Waukegan IL 1939 423 0.0 0.2 0.0 0.0 0.0 0.2
Oak Park IL 1939 329 0.0 0.6 0.0 0.0 0.0 0.6
Evanston IL 1939 256 0.0 1.6 0.0 0.0 0.0 1.6
Mi City IN 1940 236 0.1 0.0 0.0 0.0 0.0 0.0
Quincey IL 1940 330 0.1 0.3 0.0 0.0 0.0 0.3
Elkhart IN 1940 278 0.1 0.4 0.0 0.0 0.0 0.4
Portsmouth OH 1940 469 0.1 1.3 0.0 0.0 0.0 1.3
Middletown OH 1940 370 0.2 1.1 0.0 0.0 0.0 1.1
Zanesville OH 1940 459 0.2 1.5 0.0 0.0 0.0 1.5
Lima OH 1940 454 0.3 2.2 0.0 0.0 0.0 2.2
Marion OH 1940 263 0.4 5.3 0.8 0.0 0.0 6.1
Elgin IL 1939 403 0.5 3.5 0.7 0.0 0.0 4.2
Pueblo CO 1940 614 0.6 6.2 0.3 0.0 0.0 6.5
Kewanee IL 1939 123 0.9 10.6 1.6 0.0 0.0 12.2
Aurora IL 1939 633 1.2 13.9 1.1 0.0 0.0 15.0
Joilet IL 1940 447 1.3 22.2 3.2 0.0 0.0 25.3
E Moline IL 1940 152 1.6 29.6 2.0 0.0 0.0 32.0
Maywood IL 1939 171 1.6 29.2 4.1 0.0 0.0 33.3
Elmhurst IL 1939 170 1.8 30.0 8.8 1.2 0.0 40.0
Galesburg IL 1940 273 1.9 40.3 6.2 1.1 0.0 48.0
C Springs CO 1940 404 2.6 42.1 21.3 8.9 1.5 73.8


When, why and how does Dental Fluorosis occur?

Dental fluorosis occurs during early childhood while deciduous and permanent teeth and tooth enamel are still being mineralized and before they erupt within the mouth. (6,7) It is believed that dental fluorosis occurs because of the toxicity of fluoride to the enamel-forming cells of the teeth. (6) The degree to which a child experiences dental fluorosis depends on the amount of fluoride (s)he ingests. (2, 3, 6, 8) Dental authorities estimate that a child should ingest daily 0.03 mg to 0.07 mgs of fluoride per kg of body weight. When this amount is exceeded, dental fluorosis results. Moreover, the greater the fluoride overdose, the more severe is the dental fluorosis. Even with supervision, it is possible for a small child to overdose on fluoride each day with only one brushing with a fluoride tooth paste by swallowing much of it during the brushing process. (7)

The current model of fluorosis development proposes that "....fluoride affects the forming enamel by making it porous. The degree and extent of the porosity depend on the concentration of fluoride in tissue fluids when the teeth are developing..." and "....the porosity and discoloration can vary in degree among different areas of the same tooth....." (2) The ultimate result is the increasing porosity of the teeth and, in extreme cases, loss of the affected teeth. (9) Dental fluorosis is an excellent biomarker of excess fluoride ingestion and fluoride intoxication. (10) It is a visible, sometimes easily seen and noticed marker of fluoride intoxication. Unfortunately it tells us of excessive fluoride intake after-the-fact, i. e. after the newly emergent teeth have already been altered.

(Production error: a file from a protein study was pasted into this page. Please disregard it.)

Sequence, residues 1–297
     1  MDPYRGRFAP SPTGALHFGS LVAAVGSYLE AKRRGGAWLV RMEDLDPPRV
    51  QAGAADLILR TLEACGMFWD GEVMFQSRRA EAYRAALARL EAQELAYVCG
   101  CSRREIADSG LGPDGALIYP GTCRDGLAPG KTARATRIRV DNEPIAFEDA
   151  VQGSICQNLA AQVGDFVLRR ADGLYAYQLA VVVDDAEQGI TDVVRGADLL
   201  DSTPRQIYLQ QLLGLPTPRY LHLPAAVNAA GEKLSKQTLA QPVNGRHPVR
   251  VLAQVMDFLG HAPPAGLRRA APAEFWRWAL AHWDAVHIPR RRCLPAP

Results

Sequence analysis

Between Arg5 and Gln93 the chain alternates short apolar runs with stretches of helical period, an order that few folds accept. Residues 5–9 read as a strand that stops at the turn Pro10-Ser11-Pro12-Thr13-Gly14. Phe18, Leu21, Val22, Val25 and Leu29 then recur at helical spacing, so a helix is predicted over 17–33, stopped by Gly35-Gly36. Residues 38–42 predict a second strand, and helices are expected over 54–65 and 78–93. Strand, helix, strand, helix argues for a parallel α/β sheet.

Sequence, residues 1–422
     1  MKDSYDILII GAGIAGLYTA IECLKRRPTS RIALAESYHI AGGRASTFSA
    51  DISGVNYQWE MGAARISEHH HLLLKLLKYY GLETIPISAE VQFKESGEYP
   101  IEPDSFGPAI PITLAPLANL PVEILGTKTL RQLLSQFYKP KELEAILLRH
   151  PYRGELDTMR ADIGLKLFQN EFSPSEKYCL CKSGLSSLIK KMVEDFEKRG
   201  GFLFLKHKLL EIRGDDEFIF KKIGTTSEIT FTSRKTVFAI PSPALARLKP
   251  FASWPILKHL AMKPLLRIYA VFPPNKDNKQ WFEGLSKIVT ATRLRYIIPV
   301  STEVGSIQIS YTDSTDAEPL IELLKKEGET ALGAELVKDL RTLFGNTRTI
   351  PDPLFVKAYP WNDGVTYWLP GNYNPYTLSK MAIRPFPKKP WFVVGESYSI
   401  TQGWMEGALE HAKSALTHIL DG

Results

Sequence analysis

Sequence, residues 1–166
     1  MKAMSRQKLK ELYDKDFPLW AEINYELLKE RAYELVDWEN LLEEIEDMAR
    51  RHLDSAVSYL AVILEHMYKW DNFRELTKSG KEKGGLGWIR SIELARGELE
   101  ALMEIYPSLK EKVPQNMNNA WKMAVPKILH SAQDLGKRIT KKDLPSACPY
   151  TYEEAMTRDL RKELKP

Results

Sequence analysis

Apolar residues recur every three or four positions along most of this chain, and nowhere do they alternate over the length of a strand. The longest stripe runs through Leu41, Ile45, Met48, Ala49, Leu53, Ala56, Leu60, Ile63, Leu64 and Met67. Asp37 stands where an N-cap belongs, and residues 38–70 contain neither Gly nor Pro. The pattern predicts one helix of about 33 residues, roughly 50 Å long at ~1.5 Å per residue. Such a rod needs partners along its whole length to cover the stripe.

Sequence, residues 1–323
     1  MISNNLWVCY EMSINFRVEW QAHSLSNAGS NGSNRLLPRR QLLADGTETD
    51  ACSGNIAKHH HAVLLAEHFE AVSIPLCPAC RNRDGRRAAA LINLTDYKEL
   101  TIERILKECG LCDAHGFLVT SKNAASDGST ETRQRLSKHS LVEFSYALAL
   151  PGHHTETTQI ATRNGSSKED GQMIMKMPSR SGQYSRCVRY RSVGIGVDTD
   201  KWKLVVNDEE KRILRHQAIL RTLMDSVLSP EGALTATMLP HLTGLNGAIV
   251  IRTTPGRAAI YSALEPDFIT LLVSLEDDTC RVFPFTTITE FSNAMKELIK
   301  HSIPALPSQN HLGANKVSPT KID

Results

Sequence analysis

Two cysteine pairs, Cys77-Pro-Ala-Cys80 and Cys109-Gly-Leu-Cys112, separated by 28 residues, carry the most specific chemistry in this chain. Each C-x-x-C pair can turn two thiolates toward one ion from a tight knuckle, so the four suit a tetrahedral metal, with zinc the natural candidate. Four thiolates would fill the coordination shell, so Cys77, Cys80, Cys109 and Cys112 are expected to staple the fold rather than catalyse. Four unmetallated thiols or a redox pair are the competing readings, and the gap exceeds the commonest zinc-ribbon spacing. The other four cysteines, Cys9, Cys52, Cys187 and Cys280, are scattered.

Why is the Prevalence of Dental Fluorosis Increasing?

There is now widespread recognition of the fact that the prevalence of dental fluorosis has increased substantially throughout those countries where fluoridation is practiced. (11-13) However, in spite of some reports to the contrary, (2) there does not appear to be general agreement within the dental community as to whether the severity of dental fluorosis has increased.

The nationwide increase of dental fluorosis was first recognized, documented and published by the National Institute of Dental Research (NIDR) after conducting (1986-1987) a survey that involved 32,241 U.S. school children. The total prevalence of dental fluorosis in this group of children was estimated to be 22.3 percent and included (mostly) very mild to mild dental fluorosis. (2) However some moderate to severe dental fluorosis was also found in approximately 1% to 2% of the children in "optimally" fluoridated water districts. (4) Another NIDR report published in 1988, studied four areas in Illinois with water concentration of one, two, three and four times the recommended "optimal" fluoride level. As of 1985, in the "optimally" fluoridated areas, twenty nine per cent of all tooth surfaces examined were reported to be affected by dental fluorosis. In those areas that had 2 to 4 times the optimal dose of fluoride in the water supply, dental fluorosis affected close to seventy per cent of the teeth involved. (2) An even more recent study, published in 1990 ( Table II) listed dental fluorosis in additional comparable cities in the United States and New Zealand with water systems "optimally" fluoridated and those with low fluoride. (14)